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[Iron Ore]Offshore Iron ore derivatives volumes hit key milestone
Aug 3,2015 08:52CST
industry news
Singapore Exchange (SGX) and the CME Group together cleared over 118 million tons of iron ore swaps, options and futures by the 29th of July.

SINGAPORE July 31 2015 4:30 PM

SINGAPORE (Scrap Register): Singapore Exchange (SGX) and the CME Group together cleared over 118 million tons of iron ore swaps, options and futures by the 29th of July. SGX had cleared over 105 million tons, making it the highest trading volume month on record for the Asia-based bourse. This record volume was recorded in a month which saw significant price volatility for this key steelmaking raw material.

Iron ore derivatives were introduced by the Singapore Exchange in April 2009 and the contracts have seen rapid uptake and continual growth in annual volumes traded during every calendar year. It was only by January of this year that Open Interest at the Singapore Exchange breached the 100 million ton mark for the first time.

By July 29th, SGX had cleared over 105.7 million tons, whilst CME had cleared 12.8 million tons of swaps, options and futures. Their combined volume (exceeding 118.5 million tons) is significant as it annualizes to a figure in excess of 1.4 billion tons, which is the approximate size of the physical global seaborne iron ore market. Many commodities markets see traded derivatives volumes many multiples of the size of the physical market, reflecting the number of times that material changes hands, as well as downstream or adjacent market exposure to the commodity being traded.

Open interest at SGX on the 29th was over 172 million tons, though this typically wanes towards month-end as positions close out.

Option futures stand out as the fastest growing part of SGX’s total volumes, having more than doubled since January (they were only introduced in August 2014). 12 months after launch, volumes are already rivalling those of swaps – the original instrument launched in 2009.

The exchange, which uses The Steel Index (TSI) price benchmark for 62% Fe iron ore fines shipped to China for cash settlement of its iron ore contracts, serves as the leading venue for price risk management for the global iron ore market. Since launch in 2009, the volume of derivatives traded on SGX and other offshore exchanges entering the market in later years, including the CME Group, has more than doubled annually. In 2014, almost 600 million tons of swaps, options and futures were cleared globally, equivalent to almost half of all seaborne physical trade worldwide, and two-thirds of Chinese imports.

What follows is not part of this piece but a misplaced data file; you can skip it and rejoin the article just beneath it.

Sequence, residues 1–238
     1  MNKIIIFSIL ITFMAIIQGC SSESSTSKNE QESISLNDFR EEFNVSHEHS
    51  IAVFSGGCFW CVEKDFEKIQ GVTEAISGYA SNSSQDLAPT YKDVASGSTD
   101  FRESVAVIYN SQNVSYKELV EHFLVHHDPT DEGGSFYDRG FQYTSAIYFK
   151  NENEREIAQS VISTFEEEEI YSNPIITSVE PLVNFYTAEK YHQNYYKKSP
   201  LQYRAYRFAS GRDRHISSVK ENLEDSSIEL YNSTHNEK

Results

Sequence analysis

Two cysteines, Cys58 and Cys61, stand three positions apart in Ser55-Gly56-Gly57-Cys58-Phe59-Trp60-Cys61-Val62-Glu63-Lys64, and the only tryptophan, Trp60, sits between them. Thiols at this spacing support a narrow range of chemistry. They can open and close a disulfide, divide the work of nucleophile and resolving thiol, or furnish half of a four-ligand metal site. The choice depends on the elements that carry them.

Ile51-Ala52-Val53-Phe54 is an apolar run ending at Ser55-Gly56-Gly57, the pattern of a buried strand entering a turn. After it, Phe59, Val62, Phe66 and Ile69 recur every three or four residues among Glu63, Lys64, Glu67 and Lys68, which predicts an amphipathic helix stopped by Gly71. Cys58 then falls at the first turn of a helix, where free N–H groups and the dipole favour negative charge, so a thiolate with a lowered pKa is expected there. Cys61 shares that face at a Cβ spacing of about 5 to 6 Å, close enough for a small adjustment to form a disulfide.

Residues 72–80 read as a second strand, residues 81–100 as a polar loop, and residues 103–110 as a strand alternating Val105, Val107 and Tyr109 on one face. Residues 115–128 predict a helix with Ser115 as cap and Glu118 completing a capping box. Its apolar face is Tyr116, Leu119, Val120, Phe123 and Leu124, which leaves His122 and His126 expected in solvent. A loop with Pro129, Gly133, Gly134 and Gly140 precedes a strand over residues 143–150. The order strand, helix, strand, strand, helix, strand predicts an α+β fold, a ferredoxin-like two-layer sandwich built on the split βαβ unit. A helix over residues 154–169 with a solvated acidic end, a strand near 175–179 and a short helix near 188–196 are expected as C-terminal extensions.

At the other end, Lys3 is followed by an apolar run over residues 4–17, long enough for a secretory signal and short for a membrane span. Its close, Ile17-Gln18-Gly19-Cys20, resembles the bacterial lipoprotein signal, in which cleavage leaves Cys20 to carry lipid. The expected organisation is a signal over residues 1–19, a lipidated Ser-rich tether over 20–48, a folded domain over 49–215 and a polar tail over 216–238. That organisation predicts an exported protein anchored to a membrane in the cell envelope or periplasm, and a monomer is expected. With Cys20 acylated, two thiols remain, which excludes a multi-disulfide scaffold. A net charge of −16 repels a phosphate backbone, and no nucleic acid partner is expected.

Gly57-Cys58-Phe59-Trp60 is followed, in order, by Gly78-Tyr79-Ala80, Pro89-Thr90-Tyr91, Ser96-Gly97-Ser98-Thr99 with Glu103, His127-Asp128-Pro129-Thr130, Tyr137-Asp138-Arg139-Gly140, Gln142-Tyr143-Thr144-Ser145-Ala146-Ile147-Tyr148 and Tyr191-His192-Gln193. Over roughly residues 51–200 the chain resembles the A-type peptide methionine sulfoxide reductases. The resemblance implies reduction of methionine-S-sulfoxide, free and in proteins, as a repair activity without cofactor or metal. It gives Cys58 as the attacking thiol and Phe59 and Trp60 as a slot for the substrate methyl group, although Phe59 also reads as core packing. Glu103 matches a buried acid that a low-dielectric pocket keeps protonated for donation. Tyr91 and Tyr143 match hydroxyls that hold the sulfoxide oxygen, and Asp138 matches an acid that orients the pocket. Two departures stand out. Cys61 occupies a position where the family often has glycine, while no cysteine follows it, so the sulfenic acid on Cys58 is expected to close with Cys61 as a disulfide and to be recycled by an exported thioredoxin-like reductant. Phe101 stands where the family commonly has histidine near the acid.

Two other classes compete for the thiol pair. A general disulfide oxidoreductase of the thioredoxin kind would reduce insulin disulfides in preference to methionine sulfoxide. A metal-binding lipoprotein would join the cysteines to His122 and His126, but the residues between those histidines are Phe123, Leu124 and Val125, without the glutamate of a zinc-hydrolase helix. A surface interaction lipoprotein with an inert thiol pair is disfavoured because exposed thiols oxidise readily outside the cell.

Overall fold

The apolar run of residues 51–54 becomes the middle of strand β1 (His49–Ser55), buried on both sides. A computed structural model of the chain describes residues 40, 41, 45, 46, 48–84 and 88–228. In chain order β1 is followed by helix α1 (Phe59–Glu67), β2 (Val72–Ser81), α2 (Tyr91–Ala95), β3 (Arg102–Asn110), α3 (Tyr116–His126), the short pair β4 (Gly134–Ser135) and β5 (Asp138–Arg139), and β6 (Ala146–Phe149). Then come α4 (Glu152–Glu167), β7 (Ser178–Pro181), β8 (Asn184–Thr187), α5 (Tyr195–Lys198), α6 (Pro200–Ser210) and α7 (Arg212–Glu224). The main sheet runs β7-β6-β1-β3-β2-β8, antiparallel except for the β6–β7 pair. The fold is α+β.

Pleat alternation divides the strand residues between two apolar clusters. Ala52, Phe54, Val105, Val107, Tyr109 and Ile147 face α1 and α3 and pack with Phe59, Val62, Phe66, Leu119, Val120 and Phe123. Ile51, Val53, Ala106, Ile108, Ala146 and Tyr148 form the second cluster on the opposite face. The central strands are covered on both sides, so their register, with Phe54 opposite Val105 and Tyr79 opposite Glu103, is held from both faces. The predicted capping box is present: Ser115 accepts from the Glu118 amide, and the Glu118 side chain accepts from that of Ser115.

“The growing utility of iron ore derivative contracts is a boon to physical actor’s ability to hedge against price volatility for traded cargoes, stock inventory and guard against price erosion for finished steel products” says Tim Hard, TSI Director in Singapore. “However, for the larger ferrous industry to benefit across-the-board, it is crucial that both coking coal and finished steel derivative markets grow in tandem with those of iron ore. Liquid markets for these products will provide the flexibility for steelmakers to properly hedge margins as the global steel industry is entering an uncertain period of shake-out, restructuring and consolidation”.

Miners and hedging

During July’s torrid price movements, one Australian iron ore miner explicitly revealed their ongoing options hedging strategy in an investor note. During the commodity supercycle of recent years, miners have maintained a corporate position of being ‘unhedged’, in order to provide shareholders with direct exposure to commodity price movements. But with prices now falling amid oversupply, bringing spot prices closer to breakeven levels for some miners, and hedging strategies are now increasingly important – not just for the producers, but also banks financing them.

With derivatives volumes rising so that the physical market can be hedged ton for ton, it will be interesting to see whether hedging moves beyond a strategy primarily employed by traders and end-users. If it does, there is an opportunity for basis risk to be negated along the supply-chain. International traders and Chinese steel mills have been increasingly vocal in asking for TSI-linked physical supply contracts in recent months.

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Iron ore derivatives

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